On the packed metro to the Amsterdam Arena were a group of West Ham fans. I am a Hammers supporter, so good to meet some like-minded souls among all the Ajax fans thought I. But they were already into a two-days drinking binge and weren’t interested in me. My Chelsea-supporting friend had just found the courage to put his Chelsea cap on, something which seemed to vastly amuse the West Ham gang who entertained themselves trying to snatch it from his head. They weren’t even going to the game, but to a Status Quo concert.

Such are the joys of foreign football travel.

The Champions League is the ideal place for Ajax’s youngsters to gain some much needed experience on the continental stage, although they would probably have wanted a slightly easier group. Nevertheless they had taken four points off Manchester City, and had only lost 0-1 in Madrid. The Dutch champions, with an average age of about 23, have the competition’s youngest squad.

Winners of the last two Bundesliga titles, Dortmund probably don’t need reminding that the last time they claimed two consecutive domestic crowns (1995 and 1996) they wet on to become European champions the following season. Last season they came bottom of their group with only one win, but this time around Jurgen Klopp’s young side have started impressively. Manchester City were very lucky to emerge with a point from the game at the Ethiad when the German side were the much superior side, and impressed many people with the fluency of their football.

Ajax 1 Borussia Dortmund 4 – Amsterdam ArenA – Wednesday 21st November 2012
On the pitch tonight, 20-year old Mario Gotze inspired Borussia Dottmund as they produced a ruthlessly efficient performance to win 4-1 in the Amsterdam Arena.3-0 up at half time they progressed to the last 16 as Group D winners, with one game to go-home to a foundering Manchester City.Gotze had a hand in each of his teams goals, scoring the second himself and setting up two for Robert Lewandowski, as Dortmund looked capable of scoring every time they broke.

Substitute Daniel Hoesen’s late goal for Ajax was little consolation for the home team and did little to dampen the spirits of the jubilant away support, proud to have witnessed such a superb display from their side. I only hope the fan in front of me at the ticket office got in to see it.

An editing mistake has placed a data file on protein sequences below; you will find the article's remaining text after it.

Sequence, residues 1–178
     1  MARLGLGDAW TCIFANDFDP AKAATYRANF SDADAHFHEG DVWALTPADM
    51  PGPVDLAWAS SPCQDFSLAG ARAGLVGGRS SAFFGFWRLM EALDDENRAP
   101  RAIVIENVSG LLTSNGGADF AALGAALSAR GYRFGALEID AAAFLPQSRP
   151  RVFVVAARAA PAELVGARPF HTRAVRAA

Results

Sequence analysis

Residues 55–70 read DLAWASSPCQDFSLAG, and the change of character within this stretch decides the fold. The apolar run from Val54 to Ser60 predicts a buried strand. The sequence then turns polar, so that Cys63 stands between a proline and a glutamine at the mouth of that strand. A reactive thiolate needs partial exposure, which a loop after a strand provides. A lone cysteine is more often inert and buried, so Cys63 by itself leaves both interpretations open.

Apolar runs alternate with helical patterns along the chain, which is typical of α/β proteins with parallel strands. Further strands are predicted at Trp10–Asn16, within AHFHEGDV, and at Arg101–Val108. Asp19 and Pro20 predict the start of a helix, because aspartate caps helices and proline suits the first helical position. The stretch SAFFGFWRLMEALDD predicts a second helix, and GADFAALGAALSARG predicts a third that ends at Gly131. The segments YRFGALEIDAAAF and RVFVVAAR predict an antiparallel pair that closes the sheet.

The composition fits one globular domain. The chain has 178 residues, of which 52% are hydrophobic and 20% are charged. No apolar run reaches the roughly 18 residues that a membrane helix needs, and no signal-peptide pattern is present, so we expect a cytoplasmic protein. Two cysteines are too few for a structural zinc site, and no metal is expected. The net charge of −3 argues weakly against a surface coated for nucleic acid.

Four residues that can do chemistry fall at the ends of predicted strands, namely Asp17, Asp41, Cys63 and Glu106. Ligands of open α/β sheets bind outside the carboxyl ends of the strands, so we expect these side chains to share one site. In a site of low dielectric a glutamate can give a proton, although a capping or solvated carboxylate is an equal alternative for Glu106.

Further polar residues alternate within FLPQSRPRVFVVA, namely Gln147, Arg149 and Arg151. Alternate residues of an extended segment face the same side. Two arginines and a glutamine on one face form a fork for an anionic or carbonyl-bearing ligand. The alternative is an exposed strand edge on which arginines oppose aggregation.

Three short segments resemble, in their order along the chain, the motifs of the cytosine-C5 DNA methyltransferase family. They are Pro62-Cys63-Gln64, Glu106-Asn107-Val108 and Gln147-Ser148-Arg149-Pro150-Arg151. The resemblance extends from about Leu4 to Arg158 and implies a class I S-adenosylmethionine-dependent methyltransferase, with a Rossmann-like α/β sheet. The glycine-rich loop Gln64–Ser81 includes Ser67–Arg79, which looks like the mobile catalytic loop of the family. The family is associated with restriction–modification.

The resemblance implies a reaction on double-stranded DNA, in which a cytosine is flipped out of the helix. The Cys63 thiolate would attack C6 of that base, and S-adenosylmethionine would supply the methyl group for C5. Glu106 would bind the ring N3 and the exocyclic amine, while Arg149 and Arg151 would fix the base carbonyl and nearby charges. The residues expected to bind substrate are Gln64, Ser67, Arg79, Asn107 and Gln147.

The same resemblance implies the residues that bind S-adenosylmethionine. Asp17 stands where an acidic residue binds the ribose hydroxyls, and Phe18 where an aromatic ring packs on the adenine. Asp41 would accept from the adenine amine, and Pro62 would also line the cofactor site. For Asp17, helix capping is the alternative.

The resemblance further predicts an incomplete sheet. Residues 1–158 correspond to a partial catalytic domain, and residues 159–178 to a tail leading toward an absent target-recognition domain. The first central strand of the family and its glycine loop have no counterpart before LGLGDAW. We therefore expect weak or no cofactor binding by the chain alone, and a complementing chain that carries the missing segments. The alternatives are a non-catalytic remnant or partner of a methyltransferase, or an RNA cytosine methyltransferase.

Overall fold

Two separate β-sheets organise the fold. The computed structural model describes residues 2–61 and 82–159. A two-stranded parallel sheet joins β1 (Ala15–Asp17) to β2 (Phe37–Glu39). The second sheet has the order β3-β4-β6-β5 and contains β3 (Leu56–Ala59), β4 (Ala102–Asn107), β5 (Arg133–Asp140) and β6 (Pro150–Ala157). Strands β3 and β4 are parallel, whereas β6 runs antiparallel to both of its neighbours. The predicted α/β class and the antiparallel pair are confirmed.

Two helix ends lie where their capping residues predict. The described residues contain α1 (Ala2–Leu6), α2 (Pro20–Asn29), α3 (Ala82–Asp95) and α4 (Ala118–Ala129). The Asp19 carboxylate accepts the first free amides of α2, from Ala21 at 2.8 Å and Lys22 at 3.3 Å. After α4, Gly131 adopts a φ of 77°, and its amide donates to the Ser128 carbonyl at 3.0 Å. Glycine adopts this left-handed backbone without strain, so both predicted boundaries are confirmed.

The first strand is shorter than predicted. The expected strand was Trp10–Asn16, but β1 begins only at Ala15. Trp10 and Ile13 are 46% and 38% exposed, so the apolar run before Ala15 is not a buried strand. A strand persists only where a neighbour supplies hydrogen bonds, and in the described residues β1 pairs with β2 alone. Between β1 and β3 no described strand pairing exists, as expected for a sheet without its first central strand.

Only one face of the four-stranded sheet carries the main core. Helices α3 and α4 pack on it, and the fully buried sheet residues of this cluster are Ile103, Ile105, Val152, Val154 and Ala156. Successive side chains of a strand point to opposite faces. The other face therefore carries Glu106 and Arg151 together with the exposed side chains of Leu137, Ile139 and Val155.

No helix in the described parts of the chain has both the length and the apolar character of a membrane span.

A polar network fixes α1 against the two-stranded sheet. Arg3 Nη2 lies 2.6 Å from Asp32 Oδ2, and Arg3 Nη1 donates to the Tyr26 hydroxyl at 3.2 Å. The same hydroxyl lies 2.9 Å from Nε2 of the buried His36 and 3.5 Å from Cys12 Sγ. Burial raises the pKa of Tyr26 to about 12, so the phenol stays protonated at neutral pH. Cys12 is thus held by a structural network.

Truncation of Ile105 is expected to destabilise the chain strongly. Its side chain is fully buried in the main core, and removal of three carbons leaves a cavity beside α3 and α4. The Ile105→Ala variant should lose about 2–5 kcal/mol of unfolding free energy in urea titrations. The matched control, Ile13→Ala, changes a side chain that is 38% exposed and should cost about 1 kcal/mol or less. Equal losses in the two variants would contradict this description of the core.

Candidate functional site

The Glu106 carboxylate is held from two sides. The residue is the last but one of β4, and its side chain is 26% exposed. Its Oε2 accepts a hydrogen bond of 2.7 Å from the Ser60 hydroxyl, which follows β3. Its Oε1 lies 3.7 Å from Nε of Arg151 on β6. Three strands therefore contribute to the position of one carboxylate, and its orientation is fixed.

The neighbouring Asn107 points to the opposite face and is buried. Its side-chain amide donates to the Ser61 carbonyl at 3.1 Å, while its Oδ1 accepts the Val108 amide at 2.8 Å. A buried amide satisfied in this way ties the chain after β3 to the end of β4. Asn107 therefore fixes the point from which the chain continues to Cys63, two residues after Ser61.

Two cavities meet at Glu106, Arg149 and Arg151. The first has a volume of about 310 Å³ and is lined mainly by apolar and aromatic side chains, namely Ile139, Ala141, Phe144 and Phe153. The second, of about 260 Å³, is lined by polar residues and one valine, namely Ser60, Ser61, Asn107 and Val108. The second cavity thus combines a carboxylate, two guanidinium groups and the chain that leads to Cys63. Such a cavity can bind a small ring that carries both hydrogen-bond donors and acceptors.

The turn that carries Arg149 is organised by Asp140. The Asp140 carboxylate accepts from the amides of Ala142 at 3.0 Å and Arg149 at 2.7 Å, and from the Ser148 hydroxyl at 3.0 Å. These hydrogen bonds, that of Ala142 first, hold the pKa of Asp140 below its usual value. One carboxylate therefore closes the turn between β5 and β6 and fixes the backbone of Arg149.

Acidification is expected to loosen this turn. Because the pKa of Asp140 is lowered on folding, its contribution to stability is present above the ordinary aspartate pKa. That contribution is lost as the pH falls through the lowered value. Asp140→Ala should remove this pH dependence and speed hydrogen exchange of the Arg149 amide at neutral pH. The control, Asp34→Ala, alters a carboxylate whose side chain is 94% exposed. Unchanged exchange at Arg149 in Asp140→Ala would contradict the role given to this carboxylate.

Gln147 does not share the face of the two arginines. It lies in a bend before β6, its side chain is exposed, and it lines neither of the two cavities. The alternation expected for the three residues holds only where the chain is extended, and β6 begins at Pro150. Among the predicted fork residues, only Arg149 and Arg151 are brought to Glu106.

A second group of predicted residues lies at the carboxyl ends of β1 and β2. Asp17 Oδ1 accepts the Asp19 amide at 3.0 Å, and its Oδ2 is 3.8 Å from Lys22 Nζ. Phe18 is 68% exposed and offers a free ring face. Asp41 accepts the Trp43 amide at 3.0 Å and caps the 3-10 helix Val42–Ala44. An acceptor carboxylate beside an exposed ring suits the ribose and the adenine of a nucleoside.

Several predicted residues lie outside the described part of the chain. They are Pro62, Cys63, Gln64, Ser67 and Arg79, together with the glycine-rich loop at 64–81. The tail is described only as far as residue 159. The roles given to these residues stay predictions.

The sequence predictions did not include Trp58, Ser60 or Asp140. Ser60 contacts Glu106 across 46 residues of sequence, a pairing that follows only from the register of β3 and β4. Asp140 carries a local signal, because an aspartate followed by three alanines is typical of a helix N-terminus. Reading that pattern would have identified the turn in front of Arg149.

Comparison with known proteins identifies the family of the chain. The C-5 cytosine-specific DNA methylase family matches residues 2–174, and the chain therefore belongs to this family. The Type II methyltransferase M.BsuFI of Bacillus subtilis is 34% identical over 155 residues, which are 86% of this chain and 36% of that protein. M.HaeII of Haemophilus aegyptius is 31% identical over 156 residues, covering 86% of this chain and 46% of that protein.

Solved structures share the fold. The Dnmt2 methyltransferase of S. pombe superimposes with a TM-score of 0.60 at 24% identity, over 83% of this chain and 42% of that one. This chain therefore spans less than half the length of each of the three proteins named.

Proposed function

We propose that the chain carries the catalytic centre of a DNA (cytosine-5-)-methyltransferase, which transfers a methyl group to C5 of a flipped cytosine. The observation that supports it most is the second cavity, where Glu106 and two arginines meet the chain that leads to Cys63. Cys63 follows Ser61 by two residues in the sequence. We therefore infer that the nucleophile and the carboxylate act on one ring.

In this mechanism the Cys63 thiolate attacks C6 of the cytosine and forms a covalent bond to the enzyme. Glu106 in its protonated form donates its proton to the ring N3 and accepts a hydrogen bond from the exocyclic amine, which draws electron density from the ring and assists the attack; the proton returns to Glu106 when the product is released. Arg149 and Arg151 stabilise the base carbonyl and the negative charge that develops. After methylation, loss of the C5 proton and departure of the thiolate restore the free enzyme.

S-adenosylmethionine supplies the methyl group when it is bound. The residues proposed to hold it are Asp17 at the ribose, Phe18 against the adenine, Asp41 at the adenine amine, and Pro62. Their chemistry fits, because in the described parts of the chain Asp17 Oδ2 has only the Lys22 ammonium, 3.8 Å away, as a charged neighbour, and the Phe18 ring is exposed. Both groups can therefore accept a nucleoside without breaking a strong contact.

Frank de Boer, the Ajax coach, commented “We got a lesion in efficiency from Dortmund but I am also very angry about the way we defended.”  He had every right to be.

The most passionate football nation in Europe


Two weeks ago I met a chap from Iceland at Copenhagen airport.  His first words to me were “I’m the most passionate football fan in the world”.  He had seen my Lewes FC Owners badge and knew exactly who the Rooks were, what league they were in and where they were in the league.  In fact when I randomly fired obscure non league teams at it he could answer every single question on location, league and position.  Curzon Ashton, Lincoln Moorlands Railways, Quorn.  You name it, he knew the answer.  He told me he watched about twenty games a week on the TV and Online, and devoted his whole life to following the beautiful game.  He showed me his list of “favourite” teams from across Europe.  Now I thought Andy Hudson had more favourites than a teenagers most visited adult websites, but this was taking it to the extreme.  His main team was KR Reykjavik back at home but also he avidly followed (deep breath here):-

Celtic,Rosenborg, Basel, Benfica, Helsingborgs, Rapid Wien, Olympiakos, Liverpool, AC Milan, Barcelona, Brondby, HJK Helsinki, Skendija Tetovo, Buducnost Podgorica, Hadjuk Split and BATE Borisov.

But this meeting got me thinking.  Which nation are the most passionate about their own domestic league?  My new “friend” in the thumbs up Inbetweeners way had claimed the Icelanders were – with just 12 clubs and a population of 328,000 he thought that more people watched top flight football in Iceland as a percentage than any other nation.

So in a spare moment (OK, hour) last week I fed all the relevant information into the TBIR super computer to see what the results were.  Now, it is hard to be very exact and so I had to make a couple of assumptions.